Measures in Europe during the Occurrence of Smog
The measures to be taken in case of prolongedly extremely high levels of ambient air pollution (hereafter, for simplicity: smog) vary greatly in the different European countries: in some places the rules are strict, elsewhere they are more tolerant, and in many regions regulation is inadequate – shows a report of the Clean Air Action Group.
The last winter season has brought to Europe a long period with temperatures far below zero degrees. A persistent inversion weather situation caused additionally a temporary deterioration of the air quality. In Hungary and other European regions, persistent periods were present with high emissions in form of PM10. Thus, it caused an extraordinary burden on human health. In order to counteract the danger and make the population aware of this, various mechanisms exist in European cities.
One extreme case is Poland. During smog periods, the information threshold comes into force when the PM10 concentration exceeds 200 micrograms per cubic meter. The alarm threshold is at 300 micrograms (Hungary’s limit is 75 and 100 micrograms, respectively). Alternatively, Polish municipalities are able to apply stricter values on a local level.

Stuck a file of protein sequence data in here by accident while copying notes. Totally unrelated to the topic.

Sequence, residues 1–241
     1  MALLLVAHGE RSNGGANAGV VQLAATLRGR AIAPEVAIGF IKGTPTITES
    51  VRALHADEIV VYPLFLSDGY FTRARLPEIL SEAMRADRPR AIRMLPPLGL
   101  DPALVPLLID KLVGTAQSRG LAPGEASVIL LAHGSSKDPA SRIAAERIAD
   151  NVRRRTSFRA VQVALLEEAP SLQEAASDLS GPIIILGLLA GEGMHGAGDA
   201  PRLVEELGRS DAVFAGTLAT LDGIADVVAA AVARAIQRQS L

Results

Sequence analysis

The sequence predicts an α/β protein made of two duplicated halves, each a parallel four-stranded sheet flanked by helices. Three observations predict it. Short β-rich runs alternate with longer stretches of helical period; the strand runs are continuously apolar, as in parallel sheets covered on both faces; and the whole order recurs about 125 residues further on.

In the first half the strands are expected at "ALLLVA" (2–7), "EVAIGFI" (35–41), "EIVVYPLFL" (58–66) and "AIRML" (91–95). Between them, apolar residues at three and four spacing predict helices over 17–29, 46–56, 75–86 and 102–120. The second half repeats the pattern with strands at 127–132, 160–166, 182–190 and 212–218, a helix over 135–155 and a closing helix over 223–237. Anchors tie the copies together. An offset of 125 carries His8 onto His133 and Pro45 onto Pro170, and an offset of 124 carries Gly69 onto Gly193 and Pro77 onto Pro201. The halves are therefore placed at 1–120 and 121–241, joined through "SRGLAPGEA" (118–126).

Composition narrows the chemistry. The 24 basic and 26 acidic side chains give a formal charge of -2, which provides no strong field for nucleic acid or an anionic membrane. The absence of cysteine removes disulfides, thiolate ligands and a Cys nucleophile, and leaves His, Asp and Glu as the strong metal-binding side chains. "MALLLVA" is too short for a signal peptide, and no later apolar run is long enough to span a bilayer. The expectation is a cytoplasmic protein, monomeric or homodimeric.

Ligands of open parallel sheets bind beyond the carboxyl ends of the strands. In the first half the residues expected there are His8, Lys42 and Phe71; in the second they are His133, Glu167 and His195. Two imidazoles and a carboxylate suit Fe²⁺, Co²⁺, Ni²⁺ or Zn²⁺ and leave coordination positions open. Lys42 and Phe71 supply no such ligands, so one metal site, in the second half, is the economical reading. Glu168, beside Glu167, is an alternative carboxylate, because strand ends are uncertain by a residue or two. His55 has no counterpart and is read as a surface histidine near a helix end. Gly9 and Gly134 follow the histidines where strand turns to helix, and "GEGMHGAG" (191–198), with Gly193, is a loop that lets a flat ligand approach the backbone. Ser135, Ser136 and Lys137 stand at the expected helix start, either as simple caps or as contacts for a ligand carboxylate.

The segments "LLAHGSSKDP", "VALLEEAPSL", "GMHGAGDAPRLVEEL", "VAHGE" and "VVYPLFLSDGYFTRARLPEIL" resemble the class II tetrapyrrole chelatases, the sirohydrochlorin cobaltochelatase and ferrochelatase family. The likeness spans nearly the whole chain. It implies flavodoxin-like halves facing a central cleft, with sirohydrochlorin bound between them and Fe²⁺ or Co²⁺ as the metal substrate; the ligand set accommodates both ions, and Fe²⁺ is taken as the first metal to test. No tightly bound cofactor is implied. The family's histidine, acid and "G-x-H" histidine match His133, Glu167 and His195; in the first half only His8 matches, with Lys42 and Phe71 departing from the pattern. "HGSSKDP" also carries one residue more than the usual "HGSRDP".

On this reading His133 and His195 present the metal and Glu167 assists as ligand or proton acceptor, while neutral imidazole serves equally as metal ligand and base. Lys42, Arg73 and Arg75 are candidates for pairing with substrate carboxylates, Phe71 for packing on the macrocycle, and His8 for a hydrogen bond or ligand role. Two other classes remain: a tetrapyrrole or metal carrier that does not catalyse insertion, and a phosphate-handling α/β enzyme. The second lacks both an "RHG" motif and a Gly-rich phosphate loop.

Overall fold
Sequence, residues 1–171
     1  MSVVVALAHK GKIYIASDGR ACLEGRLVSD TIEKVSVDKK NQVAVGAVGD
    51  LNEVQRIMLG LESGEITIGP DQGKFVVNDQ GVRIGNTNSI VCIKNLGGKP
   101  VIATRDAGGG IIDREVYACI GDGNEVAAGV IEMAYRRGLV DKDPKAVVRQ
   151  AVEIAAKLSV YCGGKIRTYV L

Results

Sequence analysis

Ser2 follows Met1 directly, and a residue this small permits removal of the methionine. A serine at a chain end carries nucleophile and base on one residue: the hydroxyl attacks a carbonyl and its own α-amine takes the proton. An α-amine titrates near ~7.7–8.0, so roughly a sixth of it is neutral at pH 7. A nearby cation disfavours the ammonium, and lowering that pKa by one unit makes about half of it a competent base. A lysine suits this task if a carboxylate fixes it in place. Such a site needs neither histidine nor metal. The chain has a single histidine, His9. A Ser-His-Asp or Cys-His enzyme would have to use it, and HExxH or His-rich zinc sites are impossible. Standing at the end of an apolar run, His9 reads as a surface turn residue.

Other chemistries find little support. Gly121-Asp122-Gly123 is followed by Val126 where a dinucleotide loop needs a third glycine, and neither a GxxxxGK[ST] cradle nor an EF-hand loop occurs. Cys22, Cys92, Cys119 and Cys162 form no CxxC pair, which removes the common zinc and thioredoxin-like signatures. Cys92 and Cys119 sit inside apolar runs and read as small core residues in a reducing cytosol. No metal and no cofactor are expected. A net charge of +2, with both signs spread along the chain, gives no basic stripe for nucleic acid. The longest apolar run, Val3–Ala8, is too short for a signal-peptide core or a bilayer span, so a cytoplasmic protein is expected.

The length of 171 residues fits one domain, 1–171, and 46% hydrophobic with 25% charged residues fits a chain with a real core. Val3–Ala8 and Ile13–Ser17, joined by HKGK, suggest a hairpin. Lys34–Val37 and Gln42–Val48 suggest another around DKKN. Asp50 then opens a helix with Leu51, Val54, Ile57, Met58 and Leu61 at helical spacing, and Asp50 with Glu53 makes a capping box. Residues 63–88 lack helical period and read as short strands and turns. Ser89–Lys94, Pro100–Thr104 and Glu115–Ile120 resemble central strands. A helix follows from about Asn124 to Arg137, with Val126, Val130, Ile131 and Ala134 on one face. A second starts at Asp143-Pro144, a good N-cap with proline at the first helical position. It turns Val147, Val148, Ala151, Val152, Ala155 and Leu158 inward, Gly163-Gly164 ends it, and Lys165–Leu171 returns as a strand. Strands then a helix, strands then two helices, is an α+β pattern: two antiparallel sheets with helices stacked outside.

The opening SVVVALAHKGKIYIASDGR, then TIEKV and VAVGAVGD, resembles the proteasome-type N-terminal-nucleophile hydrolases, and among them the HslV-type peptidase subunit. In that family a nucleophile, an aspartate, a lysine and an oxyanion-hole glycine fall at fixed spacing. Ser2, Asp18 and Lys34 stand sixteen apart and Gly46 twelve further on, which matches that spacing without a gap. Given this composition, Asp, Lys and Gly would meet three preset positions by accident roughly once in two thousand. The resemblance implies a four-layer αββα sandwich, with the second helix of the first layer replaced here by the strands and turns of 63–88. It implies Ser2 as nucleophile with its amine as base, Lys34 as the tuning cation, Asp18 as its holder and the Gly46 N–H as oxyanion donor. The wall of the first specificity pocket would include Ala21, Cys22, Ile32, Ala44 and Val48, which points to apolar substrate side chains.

In other countries, however, the level of pollution declared to be hazardous is much lower than that of Hungary. For example, in Finland, the smog alarm level is at a concentration above 50 micrograms. According to EU rules, this value marks the threshold for the protection of human health. However, in several countries (e.g. Austria, France, Italy) the threshold is at the same time the information level, and, moreover, the alarm level is much lower than in Hungary.
Measures imposed during smog generally have many similarities across Europe. These include limiting motor vehicle traffic, free access to public transport, reducing air pollution from industrial activities, and requests to households to avoid heating with solid fuels. Speed limits are introduced at a number of places (e.g. in Belgium 90 km/h on motorways, and 50 km/h on roads where otherwise 70-90 km/h are allowed). There is an even-odd license number based limitation (e.g. in Brussels, Madrid, Paris and Sarajevo). In many cities, it is prescribed that the public buildings should be heated to only to certain temperatures (for example, up to 19 degrees Celsius in Lyon). A special case is Bergen, Norway, where a fee for city access has been in place already for many years: During smog periods, the fee is increased five times (25 Euros in peak time for cars, otherwise 10 Euros, and twice as much for trucks).
In many places there is no regulation for measures during smog, because the focus lies on preventive measures in order to avoid high air pollution.
The full report can be downloaded here.
Picture: Smog in Warsaw (http://www.euractiv.com/section/climate-environment/news/smog-chokes-coal-addicted-poland/)